Opioid Epidemic Sees Signs of Hope

By MARIA KAOURIS

MIDDLEBURY — With the opioid crisis continuing to erupt across the country, Vermont government officials seem to be breathing a collective sigh of relief for the first time in years. Identified in 2016 by the Centers for Disease Control and Prevention (CDC) as a state with a significant increase in opioid overdoses, Vermont has recently responded by pouring resources into addiction recovery programs. Through the Care Alliance for Opioid Addiction, Vermonters in need of treatment can seek out medication-assisted therapy (MAT) in the comfort of a local treatment facility.

   A state report published on Jan. 22 shows that opioid use in Vermont has decreased by 96 percent coupled with nearly a 100 percent decrease in overdoses. These recent improvements can predominantly be attributed to the time and money the state department has invested in opioid-addiction programs that span the state. Implemented only four years ago, the Hub and Spoke system of the Care Alliance for Opioid Addiction creates an accessible environment with individualized treatment techniques.

Through the program, patients are anchored to a local treatment facility (or hub) for the legal and guided dispensation of methadone and buprenorphine, narcotics used to treat opioid addiction. Stemming from this more generalized system of treatment are the spokes of the program—patients are assigned a specialized team of a nurse, physician, and coordinator in an attempt to pinpoint the nuances of their addiction. From this, addicts can be appropriately dealt with on an individual level as there is one three-person team for every 100 patients. Furthermore, with seven hub clinics, Vermont officials stress that opioid-addiction care is accessible in every region of the state and is simultaneously incorporated into the healthcare system.

        Despite recent improvements, citizens are haunted by images of opioid abusers passed out on bus benches, loved ones waving goodbye in the morning and never returning, and local news stations devoting more and more time to heroin overdose stories. Residents of the state were sent into a quiet turmoil in 2014 when the former Governor Peter Shumlin committed his entire State of the State address to discussing Vermont’s “full-blown heroin crisis.” His call for treatment reformation sought to aid, not punish, drug abusers. His focus and empathy regarding the opioid emergency arguably has shifted the way in which public and legal discourse is now handled—rather than viewing heroin use as a reason to incarcerate people, he called for the recognition of addiction as a “chronic disease.”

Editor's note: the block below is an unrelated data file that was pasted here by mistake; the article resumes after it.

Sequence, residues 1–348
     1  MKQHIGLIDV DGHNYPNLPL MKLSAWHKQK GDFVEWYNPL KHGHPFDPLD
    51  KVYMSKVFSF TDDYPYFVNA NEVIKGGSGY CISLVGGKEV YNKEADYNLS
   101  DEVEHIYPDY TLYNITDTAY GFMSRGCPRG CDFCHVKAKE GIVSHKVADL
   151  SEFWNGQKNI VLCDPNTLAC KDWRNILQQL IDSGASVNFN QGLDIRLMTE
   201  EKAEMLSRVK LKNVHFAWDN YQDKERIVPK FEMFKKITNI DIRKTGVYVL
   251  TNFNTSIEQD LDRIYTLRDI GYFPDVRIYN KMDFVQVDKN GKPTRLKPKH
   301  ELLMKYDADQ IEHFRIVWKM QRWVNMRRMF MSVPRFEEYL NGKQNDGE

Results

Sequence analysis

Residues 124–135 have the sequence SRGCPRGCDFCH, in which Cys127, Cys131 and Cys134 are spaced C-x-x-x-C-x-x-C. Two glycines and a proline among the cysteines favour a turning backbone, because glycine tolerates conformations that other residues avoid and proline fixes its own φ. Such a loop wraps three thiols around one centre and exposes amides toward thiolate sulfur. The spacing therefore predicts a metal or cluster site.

The New York Times reported that under Gov. Shumlin’s guidance, opioid treatment in Vermont increased by over 770 percent between 2000 and 2014. Although this can be seen as a victory because many addicts are seeking out the necessary treatment, it did not preclude the 80 opioid-related fatalities in 2015 or the 112 in 2016, according to the Vermont Department of Health. While it is rather challenging to pinpoint the cause of the epidemic, the National Institute on Drug Abuse has turned to healthcare providers. In the late 1990s, pharmaceutical companies confirmed that there was not a sizable risk for addiction to opioid medications, leading to a spike in prescriptions by physicians. Before it was apparent that opioid addiction was a national problem, it was too late. By 2015, Today, patients abuse these prescribed drugs at one-fifth to one-third of the rate of the previous two million reported in 2015 by the National Institute on Drug Abuse.

Dr. Mark Levine, Vermont’s Health Commissioner, acknowledges these troubling statistics but sees the state’s tremendous improvements as an indication of a hopeful future. In an interview on Vermont Public Radio, he expresses the gradual process of systemic changes that have allowed for the partial alleviation of this crisis. “We’ve made great progress and we need to acknowledge that, although we can’t let up and we have to embark on numerous additional initiatives,” Levine said.

This constant understanding of progress as a first step instead of a resolution may be what keeps the state government’s continuous efforts in action. “We have capacity now with no waiting lists for anyone who is seeking treatment to have access to treatment, we have a very strong history of partnership with Medicaid,” Levine said. “In prevention we have new prescriber rules that we’re beginning to see some traction from, [and] … a Vermont prescription monitoring system which has been effective.”

These programs address healthcare roadblocks and the overzealous prescribing of opioids for pain relief. Although two Vermonters die each week week from opioids, the government has recognized the epidemic and is seeking innovative ways to address it. Some citizens have voiced their concern that more resources should be devoted to opioid education rather than focusing funds on addiction clinics.

Jolinda LaClair, director of Vermont’s drug prevention policy, sees the integration of school and community educational programs as a crucial next step in addressing the crisis. Others argue that homeopathic solutions should be explored and endorsed as a viable option instead of the current MAT offered by the state. Despite varied perspectives on how to deal with the crisis, it is clear that Vermonters share a common goal—improvement, and eventually total alleviation, of opioid abuse.

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Opioid Epidemic Sees Signs of Hope